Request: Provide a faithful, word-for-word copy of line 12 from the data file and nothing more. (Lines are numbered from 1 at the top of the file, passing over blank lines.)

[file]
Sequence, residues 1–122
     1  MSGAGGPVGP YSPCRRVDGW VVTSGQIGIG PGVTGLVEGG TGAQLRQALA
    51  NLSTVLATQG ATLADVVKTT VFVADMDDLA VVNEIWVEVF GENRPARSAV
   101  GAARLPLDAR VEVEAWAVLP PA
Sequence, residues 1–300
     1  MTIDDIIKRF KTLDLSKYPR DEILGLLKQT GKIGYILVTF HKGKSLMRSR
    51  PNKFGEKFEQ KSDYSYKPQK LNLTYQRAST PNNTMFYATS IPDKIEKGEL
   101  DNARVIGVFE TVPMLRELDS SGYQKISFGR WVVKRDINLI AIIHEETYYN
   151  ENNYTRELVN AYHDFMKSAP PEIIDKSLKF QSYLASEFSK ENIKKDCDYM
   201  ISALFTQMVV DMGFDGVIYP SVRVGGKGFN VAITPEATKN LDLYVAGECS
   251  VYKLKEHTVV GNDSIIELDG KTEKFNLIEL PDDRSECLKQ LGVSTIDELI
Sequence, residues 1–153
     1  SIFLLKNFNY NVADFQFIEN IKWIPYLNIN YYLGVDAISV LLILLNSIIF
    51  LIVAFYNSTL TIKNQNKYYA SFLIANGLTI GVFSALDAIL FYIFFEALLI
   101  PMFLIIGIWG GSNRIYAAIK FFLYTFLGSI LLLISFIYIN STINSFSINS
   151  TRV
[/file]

Sequence, residues 1–153